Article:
Penny said...

Buster, she put herself at the scene of the crime in the process of being interrogated. Later she recanted and said this was due to the police abusing her.

Knox and Solecitto were each other's alibi...eventually. Their initial statements were very different, however.

buster said...

@ Penny:

True, but IRRC and the news stories are accurate, the admission came during a night-long interrogation without a lawyer present. Telling conflicting stories is hardly evidence of guilt, especially in those circumstances. I'd still like some evidence that she actually killed the girl, not that she behaved wierdly afterwards.

But this shows how difficult it is to talk about a the case when you don't know exactly how the investigation was handled and what evidence was introduced at trial. The people who insist she is innocent claim there was nothing to connect her to the scene except the trace DNA on the knife, and that there was no other DNA from Knox at the scene even though she is supposed to have wielded the knife!

BTW, I am not suggesting that the Italian criminal justice system is a joke, or that the prosecutors or judges were corrupt or biased. But if the American news accounts are anywhere near accurate (which I don't assume), the conviction seems pretty shaky. The point is not that she would have been acquitted under the American system, but the Italian trial was a miscarriage of justice. Stuff like that happens in America, too.

Fred4Pres said...

Wrong place, wrong time.

Alex said...

None of you can explain why she was hopped up on drugs playing weird sexual games with a stranger.

eliastaiken said...

Good mind, good find........................................

traditionalguy said...

Amanda seems to be a perfect example of the case where the jury rules, "not guilty, but probably needs to go to jail anyway". Juries can show mercy and pardon guilty men and women and the juries can dislike a person enough to find them guilty of something . That seems to be the case here. Amanda's group was not the type of people Italians want in Rome, and they sent that message loud and clear. Juries are the descision makers. That is one more reason to respect cultural mores in a society.

Mian said...

Oh come on, folks. For a supposed innocent, her post-crime behavior was downright bizarre at best. No moral indignation. No outrage. Just affected weirdness. Until it was too late. Where does that even come from?

I agree. What is it about the Pacific Northwest that breeds wackos like Knox? Too much caffeine? Rains too much?

I've been following this story from the beginning and always felt she was guilty --maybe not the knife wielder, but certainly the siren who put someone up to it.

No tears shed for this psycho...

Pogo said...

She was a witch, and witches must be burned.

Judge Hathorne: If you know not what a witch is, how do you know you are not one?

Florida said...

"She changed her story and she also fingerpointed another person. Damning, agreed, but that's it?"

Holy God, this is the biggest bullshit part of this story and an object lesson in why you can never, ever speak to the fucking police.

The police are corrupt.

In this case, they accused Ms. Knox in her interrogation and when she protested her innocence, they asked her to imagine what might have happened that night, so she speculated on who might have killed the girl. She merely provided police with a list of possible suspects other than herself who might have had the ability and time to do it.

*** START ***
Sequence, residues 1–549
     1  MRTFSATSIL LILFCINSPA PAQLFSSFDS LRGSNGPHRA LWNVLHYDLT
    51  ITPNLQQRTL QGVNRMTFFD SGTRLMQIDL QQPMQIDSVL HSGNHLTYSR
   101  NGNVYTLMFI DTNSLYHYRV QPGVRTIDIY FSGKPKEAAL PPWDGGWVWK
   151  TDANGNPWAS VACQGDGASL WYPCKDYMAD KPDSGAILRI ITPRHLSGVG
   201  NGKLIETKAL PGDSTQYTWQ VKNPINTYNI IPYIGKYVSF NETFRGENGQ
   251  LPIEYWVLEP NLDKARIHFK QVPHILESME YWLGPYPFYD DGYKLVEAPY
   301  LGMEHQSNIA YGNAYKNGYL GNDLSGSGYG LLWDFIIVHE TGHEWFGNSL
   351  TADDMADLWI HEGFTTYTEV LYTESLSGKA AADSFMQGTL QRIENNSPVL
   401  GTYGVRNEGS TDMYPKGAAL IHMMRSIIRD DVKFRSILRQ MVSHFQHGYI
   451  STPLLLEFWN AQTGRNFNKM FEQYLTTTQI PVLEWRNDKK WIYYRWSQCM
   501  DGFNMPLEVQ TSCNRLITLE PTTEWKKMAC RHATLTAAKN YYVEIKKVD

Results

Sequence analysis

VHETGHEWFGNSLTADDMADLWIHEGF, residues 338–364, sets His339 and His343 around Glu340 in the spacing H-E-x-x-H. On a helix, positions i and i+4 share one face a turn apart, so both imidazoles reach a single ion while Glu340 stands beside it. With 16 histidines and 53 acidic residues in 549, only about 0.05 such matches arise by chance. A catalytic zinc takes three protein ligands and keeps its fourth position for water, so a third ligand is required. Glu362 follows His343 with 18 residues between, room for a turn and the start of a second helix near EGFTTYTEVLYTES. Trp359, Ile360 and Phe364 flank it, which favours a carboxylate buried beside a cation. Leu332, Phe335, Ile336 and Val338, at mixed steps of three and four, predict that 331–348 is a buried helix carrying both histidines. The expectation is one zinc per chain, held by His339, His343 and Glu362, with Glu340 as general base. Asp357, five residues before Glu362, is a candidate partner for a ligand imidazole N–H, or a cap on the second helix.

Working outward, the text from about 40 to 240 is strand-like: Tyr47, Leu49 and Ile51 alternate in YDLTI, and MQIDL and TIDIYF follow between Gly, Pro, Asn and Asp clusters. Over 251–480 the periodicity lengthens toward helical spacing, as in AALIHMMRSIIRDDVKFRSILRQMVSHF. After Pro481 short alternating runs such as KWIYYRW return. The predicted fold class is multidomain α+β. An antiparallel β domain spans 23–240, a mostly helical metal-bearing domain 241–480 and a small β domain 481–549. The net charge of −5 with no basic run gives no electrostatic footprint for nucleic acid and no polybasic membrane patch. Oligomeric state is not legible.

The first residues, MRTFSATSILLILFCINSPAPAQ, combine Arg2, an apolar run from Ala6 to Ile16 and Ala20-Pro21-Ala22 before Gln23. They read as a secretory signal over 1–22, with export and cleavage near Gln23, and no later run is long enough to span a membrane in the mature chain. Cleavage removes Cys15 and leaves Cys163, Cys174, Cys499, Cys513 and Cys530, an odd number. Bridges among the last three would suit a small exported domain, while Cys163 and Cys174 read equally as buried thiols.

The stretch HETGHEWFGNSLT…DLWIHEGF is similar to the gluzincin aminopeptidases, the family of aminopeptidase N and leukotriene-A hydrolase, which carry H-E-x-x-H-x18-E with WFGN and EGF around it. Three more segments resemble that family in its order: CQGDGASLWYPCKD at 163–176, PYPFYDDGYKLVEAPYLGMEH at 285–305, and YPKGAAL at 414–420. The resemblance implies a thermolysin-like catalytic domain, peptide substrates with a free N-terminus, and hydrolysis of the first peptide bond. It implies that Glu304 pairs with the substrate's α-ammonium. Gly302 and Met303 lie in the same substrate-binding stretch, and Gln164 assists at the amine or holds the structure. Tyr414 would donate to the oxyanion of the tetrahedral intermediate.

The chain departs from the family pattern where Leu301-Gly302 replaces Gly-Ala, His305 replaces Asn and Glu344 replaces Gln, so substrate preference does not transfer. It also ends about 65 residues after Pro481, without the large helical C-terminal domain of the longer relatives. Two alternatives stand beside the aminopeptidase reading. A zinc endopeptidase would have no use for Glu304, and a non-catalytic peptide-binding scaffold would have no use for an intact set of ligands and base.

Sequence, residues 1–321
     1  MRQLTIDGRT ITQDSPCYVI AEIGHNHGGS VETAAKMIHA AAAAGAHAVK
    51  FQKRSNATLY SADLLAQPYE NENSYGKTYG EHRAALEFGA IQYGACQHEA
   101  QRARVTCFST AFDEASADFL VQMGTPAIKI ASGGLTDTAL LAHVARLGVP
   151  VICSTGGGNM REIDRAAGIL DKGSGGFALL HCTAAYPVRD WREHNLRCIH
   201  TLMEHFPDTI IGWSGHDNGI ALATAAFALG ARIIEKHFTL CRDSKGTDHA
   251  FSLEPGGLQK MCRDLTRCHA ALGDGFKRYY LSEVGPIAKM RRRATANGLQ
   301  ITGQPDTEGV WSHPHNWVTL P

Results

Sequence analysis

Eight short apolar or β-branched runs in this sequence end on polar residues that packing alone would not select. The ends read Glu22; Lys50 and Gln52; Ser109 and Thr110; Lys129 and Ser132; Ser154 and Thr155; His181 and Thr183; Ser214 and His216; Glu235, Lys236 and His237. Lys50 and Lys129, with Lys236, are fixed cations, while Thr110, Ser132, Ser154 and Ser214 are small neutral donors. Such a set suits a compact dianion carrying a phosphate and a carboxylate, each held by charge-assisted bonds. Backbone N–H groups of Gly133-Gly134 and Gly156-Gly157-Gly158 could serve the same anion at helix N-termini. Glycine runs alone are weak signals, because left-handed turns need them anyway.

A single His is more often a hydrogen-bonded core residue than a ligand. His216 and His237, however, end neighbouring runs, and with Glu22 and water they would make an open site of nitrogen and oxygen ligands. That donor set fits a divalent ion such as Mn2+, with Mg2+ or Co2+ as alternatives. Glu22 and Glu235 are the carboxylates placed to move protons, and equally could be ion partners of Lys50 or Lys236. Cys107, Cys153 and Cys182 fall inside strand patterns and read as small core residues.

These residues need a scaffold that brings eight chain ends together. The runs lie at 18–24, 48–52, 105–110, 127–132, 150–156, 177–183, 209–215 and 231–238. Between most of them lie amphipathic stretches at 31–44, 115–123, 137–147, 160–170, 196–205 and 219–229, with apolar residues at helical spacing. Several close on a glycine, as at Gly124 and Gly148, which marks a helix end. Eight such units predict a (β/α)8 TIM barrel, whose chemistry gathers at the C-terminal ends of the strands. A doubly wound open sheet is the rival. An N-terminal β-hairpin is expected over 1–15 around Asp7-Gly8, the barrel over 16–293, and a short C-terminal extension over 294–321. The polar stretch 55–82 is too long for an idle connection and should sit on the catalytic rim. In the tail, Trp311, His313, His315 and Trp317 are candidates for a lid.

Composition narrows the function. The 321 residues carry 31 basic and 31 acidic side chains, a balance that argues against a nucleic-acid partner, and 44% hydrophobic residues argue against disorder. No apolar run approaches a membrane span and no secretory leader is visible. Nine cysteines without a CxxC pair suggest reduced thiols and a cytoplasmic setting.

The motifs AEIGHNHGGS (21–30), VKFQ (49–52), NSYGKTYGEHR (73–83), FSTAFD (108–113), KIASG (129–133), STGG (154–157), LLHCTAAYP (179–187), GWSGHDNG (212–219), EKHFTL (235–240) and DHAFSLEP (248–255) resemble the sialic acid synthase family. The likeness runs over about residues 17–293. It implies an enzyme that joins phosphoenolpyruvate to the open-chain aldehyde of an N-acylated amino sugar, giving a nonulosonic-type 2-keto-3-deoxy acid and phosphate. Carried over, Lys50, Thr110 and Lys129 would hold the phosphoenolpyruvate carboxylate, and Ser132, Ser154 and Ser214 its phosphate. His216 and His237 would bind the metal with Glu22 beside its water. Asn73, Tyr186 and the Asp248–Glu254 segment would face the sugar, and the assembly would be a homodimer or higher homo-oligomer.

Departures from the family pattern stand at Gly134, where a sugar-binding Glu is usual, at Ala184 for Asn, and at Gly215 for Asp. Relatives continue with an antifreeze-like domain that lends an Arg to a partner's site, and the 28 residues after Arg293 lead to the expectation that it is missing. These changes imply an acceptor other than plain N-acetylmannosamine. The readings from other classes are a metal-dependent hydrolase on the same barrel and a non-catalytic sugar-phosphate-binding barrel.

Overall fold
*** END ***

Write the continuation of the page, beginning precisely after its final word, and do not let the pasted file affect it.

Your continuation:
She didn't "point the finger" at someone and then later change her story. She was merely a naive little girl who was unfortunately too willing to try to help the police.

The police are corrupt and do not care if you are guilty or innocent. Never, ever submit to questioning from them.

The moment Amanda Knox got a lawyer all questioning stopped (because the lawyer realized the game the police were playing).

You have the right to remain silent. Even if you don't have that right (in a foreign country for example) everything you say (including who you think might have done it) can and will be used against you.

Never, ever speak to them.

Knox, innocent, did to her great misfortune. She is in jail. Polanski, guilty, is free in Gstaad living it up and searching for his next victim.

Saul said...

I was watching CNN last night and apparently the prosecutor is a complete nut case, and has framed other people under similar circumstances... I personally thought she might be lying without really thinking about the evidence. I just don't see how she could have been involved in a bloody murder like that and not left bloody finger prints. She was a pot head for God's sake. Because the prosecutor is such a scum bag, the word on the street is that she'll get off on appeal.

This is in many ways the reverse of the OJ case.

RHSwan said...

JohnAnnArbor,
The science of "shaken-baby syndrome" has changed since Louise Woodward's trial. From what I remember of the new science, it probably would have made it tough to convict her.

Otherwise, as far as Amanda Knox goes, if what the public evidence is what we have heard I don't know how they could have convicted her. But we haven't heard all the evidence. I wonder if the CIA kidnapping case hurt her by association, i.e. American -> guilty.

Almost Ali said...

"But we haven't heard all the evidence."

Yes we have.

The Italian prosecution is reminiscent of Nancy Grace, who would convict a ham sandwich. While in labor, or sipping Clorox.

And where was Gloria Allred?

Tony O. said...

RHSWan is full of sh*t.

The science supported Woodward's conviction then and it would support it now.

It was Barry Scheck's explanation that didn't make sense then or now -- the mother cracked the baby's skull open but she didn't actually die until 24 hours later. Total fiction, then and now.